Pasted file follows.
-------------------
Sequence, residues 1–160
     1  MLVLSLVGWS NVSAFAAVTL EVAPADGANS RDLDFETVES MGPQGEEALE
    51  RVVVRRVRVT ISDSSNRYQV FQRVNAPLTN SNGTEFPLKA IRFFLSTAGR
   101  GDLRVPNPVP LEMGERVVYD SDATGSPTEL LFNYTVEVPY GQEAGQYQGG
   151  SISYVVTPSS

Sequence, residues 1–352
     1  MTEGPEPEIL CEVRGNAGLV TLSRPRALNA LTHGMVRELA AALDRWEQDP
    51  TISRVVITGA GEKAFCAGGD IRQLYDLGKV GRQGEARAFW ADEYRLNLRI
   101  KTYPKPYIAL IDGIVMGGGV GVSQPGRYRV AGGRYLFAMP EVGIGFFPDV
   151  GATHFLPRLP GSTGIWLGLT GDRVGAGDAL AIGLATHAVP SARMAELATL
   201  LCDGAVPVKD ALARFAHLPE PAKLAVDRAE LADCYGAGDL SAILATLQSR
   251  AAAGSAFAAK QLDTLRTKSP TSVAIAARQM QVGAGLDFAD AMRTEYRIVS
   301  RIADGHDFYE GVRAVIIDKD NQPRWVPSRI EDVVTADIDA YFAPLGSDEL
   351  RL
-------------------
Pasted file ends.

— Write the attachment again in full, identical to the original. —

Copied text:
Sequence, residues 1–160
     1  MLVLSLVGWS NVSAFAAVTL EVAPADGANS RDLDFETVES MGPQGEEALE
    51  RVVVRRVRVT ISDSSNRYQV FQRVNAPLTN SNGTEFPLKA IRFFLSTAGR
   101  GDLRVPNPVP LEMGERVVYD SDATGSPTEL LFNYTVEVPY GQEAGQYQGG
   151  SISYVVTPSS

Sequence, residues 1–352
     1  MTEGPEPEIL CEVRGNAGLV TLSRPRALNA LTHGMVRELA AALDRWEQDP
    51  TISRVVITGA GEKAFCAGGD IRQLYDLGKV GRQGEARAFW ADEYRLNLRI
   101  KTYPKPYIAL IDGIVMGGGV GVSQPGRYRV AGGRYLFAMP EVGIGFFPDV
   151  GATHFLPRLP GSTGIWLGLT GDRVGAGDAL AIGLATHAVP SARMAELATL
   201  LCDGAVPVKD ALARFAHLPE PAKLAVDRAE LADCYGAGDL SAILATLQSR
   251  AAAGSAFAAK QLDTLRTKSP TSVAIAARQM QVGAGLDFAD AMRTEYRIVS
   301  RIADGHDFYE GVRAVIIDKD NQPRWVPSRI EDVVTADIDA YFAPLGSDEL
   351  RL